4C Health CEO and President Dr. Carrie Cadwell.
4C Health CEO and President Dr. Carrie Cadwell.
Indiana Senate Bill 1, which focuses on behavior health matters, is waiting for Indiana Governor Eric Holcomb to sign it into law.

It had overwhelming support in both the state house and senate.

One of the key goals of the bill was to strengthen the state’s support for the 988 phone number, a sister to the 911 phone number. The 988 number focuses on mental health emergencies.

In the past year calls to 988 more than doubled from just over 160,000 calls to over 400,000.

As the bill was discussed, one name came up multiple times as an example of what Indiana mental healthcare could look like: 4C Health.

The past two and a half years, 4C Health has operated a mobile crisis unit that worked alongside law enforcement and other providers. In the process, the mobile crisis unit has helped 3,000 individuals in four rural counties. Sixty-five percent of those individuals were able to remain at home while being connected to care.

4C Health CEO and president Dr. Carrie Cadwell said becoming an example for the state was not something they expected to happen in a rural area.

“I think what we are demonstrating between the partnerships with local law enforcement officers and the emergency rooms is that actually the whole construction of what people want to do in the state is possible, is sustainable and can have very positive outcomes,” she said. “It can save lives. It can keep people out of hospitals, it can add resource time back to emergency rooms and law enforcement professionals.”

She also provided testimony for the bill in early April.

On Monday, the mobile crisis unit expanded into Howard, Tipton and White counties.

Cadwell said the unit is extremely cost effective compared to having emergency room bills or high-cost inpatient services.

The mobile crisis unit can help stabilize a caller at their location. They also have crisis stabilization units for voluntary observation. But in many cases, the mobile unit will be able to help the caller where they are and also provide resources and future care options.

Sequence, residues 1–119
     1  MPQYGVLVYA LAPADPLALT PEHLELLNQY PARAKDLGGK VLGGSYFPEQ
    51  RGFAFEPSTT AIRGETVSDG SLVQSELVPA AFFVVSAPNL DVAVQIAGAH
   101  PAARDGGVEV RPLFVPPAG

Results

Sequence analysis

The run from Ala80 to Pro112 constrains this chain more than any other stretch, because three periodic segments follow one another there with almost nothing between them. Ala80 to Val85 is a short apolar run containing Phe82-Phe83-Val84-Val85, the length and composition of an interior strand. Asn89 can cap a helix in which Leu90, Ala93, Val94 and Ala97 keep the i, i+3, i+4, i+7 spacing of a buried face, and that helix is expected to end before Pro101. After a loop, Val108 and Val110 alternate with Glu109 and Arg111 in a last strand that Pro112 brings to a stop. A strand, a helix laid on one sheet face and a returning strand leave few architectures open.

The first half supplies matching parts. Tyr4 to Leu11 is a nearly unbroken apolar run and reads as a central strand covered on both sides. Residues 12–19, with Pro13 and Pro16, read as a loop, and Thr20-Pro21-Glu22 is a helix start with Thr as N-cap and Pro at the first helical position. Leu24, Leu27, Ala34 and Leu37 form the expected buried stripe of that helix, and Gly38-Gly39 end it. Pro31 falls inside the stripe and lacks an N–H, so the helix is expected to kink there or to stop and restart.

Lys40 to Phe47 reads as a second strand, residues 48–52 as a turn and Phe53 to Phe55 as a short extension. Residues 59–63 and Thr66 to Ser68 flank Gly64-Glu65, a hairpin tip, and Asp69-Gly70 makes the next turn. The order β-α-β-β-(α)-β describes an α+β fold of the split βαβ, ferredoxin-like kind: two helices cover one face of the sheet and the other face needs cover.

Just because 4C runs the mobile crisis unit doesn’t mean a caller must get their future care through 4C. They will work with the caller to connect them to the care provider of their choice.

“The biggest barrier over time will be funding,” said Cadwell. “That is the biggest hurdle. Right now, we are one of the five state pilot grantees for mobile so we have the benefit of receiving state funding that allows us to continue. That funding will go into another year. It just got renewed. However, what happens next is anybody’s guess.”

One of the options for funding was through taxes. The 911 number is funded by a one-dollar charge on phone bills. However, while moving through the house and senate, the state legislature decided to fund the 988 number with $100 million over the next two years.

One other concern for Cadwell is finding a workforce to help cover the phone line and to also provide the mobile crisis care.

She said 4C staff has stepped up to make their program a success.

“Our model is great because we leverage existing staff,” Cadwell said. “That is helpful to us. The second thing, because crisis care and being there for someone in their most acute moments is such a part of the mission that our staff really feel connected to want to do that service. So that’s been super helpful.”

4C Health will the celebrate their new Logansport clinic with an open house running from 11 a.m. until noon on May 31. The new location is 800 N. Fulton.
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